Neill and Christine Bucton from Granville with skidmarks in their street.Photo: Alistair Brightman
Neill and Christine Bucton from Granville with skidmarks in their street.Photo: Alistair Brightman

SCARED: Coast woman fears hoons will crash into home

CHRISTINE Bucton is terrified a car will come crashing through the window of her home and kill or seriously injure herself or her husband, Neill.

The skid marks out the front of their Granville home are testimony to the constant hooning that goes on in their street and on roads nearby.

So far this year, more than 500 people across the Fraser Coast have been charged with hooning-related offences.

One night, Ms Bucton heard the pebbles in her driveway spray, before the familiar rev of the engine.

With their bedroom at the front of the home, Ms Bucton fears what could happen when she hears the sound of hooning in the early hours of the morning.

"We can hear them going up Kent St through the traffic lights," Mr Bucton said.

"They take off straight up Kent St, they don't have a damn who is front of them."

Mr Bucton has contacted police twice because of the hooning he has heard and has beeen dissatisfied with the outcome.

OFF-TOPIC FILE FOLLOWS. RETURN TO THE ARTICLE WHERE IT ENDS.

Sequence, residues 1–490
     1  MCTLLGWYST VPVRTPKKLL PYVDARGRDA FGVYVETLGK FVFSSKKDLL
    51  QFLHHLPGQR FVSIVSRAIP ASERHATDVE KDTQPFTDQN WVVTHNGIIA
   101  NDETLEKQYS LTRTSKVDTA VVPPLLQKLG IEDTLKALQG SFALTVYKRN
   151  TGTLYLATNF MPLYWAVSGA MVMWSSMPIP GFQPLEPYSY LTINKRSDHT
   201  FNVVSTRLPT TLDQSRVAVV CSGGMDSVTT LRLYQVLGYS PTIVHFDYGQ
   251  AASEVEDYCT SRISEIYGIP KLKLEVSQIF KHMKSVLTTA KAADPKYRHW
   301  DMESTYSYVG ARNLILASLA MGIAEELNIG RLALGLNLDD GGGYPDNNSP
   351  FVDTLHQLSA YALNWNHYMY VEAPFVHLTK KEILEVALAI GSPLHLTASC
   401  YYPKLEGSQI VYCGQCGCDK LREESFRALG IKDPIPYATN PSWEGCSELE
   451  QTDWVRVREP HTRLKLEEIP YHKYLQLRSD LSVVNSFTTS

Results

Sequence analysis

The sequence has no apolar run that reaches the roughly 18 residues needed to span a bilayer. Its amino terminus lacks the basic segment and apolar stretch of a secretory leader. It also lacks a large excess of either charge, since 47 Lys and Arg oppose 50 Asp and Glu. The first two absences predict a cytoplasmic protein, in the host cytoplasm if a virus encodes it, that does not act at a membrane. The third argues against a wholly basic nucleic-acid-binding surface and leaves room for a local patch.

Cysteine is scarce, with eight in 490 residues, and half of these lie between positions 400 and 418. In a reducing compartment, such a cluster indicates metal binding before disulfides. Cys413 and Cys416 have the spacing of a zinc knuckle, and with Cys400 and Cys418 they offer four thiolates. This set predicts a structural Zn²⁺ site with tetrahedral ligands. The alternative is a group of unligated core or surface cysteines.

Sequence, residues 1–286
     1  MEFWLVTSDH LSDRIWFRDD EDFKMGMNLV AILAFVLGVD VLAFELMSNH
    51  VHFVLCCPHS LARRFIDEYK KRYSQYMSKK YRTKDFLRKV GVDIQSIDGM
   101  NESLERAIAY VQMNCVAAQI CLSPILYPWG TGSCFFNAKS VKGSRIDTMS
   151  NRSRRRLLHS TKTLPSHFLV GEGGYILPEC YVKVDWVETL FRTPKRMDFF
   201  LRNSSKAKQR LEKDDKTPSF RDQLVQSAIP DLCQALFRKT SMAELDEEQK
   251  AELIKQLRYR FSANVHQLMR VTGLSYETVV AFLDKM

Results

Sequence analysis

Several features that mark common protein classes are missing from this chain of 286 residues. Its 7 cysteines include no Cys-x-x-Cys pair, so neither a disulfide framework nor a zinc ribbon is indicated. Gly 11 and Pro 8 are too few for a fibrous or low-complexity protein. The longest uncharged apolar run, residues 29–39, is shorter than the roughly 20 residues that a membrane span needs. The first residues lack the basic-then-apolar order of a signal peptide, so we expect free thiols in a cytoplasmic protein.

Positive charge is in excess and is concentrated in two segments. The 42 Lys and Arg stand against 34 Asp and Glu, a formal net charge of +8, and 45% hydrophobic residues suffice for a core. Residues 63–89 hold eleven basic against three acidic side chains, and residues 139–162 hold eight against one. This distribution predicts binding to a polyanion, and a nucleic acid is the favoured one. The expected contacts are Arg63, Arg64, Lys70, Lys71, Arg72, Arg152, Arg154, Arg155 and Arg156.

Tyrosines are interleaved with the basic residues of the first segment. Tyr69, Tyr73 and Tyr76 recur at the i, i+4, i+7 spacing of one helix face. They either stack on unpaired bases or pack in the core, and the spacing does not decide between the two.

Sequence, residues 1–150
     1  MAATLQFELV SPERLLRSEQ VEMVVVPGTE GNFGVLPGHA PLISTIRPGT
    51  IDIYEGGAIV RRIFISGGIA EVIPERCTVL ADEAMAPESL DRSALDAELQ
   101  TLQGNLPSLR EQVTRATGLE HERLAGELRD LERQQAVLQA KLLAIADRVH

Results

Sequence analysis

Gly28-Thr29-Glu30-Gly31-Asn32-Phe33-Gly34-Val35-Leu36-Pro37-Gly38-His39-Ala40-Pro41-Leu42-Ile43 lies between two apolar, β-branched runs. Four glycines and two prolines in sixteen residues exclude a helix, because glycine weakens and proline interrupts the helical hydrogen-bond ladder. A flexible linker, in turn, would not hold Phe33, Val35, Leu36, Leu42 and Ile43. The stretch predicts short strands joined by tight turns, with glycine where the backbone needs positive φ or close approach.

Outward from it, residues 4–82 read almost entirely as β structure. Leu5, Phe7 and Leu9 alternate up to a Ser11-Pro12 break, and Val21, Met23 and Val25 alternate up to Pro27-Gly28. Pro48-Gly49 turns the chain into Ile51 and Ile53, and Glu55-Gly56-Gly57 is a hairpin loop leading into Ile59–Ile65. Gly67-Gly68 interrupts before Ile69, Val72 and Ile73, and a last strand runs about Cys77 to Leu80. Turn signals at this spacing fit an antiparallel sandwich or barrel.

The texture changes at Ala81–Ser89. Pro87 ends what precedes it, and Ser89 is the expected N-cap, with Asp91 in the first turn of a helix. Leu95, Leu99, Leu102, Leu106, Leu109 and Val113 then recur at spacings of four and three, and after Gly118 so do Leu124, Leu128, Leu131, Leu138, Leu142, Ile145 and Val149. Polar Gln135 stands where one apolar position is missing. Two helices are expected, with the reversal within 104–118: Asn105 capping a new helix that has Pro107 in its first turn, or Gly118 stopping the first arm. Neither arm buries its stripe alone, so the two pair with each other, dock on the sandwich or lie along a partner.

Mrs Bucton said she heard the noise at all hours of the day and night.

"I went for a walk to the park and it was on school finish time.

"They actually went up the school road a bit too fast."

When forced to stop at he giveway sign, Mrs Bucton said she heard the sound of brakes and then the revving as they prepared to take off again.

"It is unbelievable, that's what we are up against," Mr Bucton said.

They are far from the only people on the Fraser Coast who are suffering because of late-night hooning.

A Maryborough woman, who asked not to be named, said the problem had reached "plague proportions" in the city.

The woman said sometimes it was impossible to hear the television or radio because of the noise.

  "Many times, my family and friends have to pause conversations until the annoyance has faded," the woman said.
The woman urged police to do more about catching the hoons.

  She said the tragic death of Damian Lawton 26, on the weekend highlighted problems associated with the issue.

  The motorcyclist was killed while allegedly evading police, who were called to the scene after complaints were made of excessive noise.

   Mr Lawton died at the scene after he ran a stop sign and collided with a Holden Barina at the intersection of Woodstock and Neptune sts.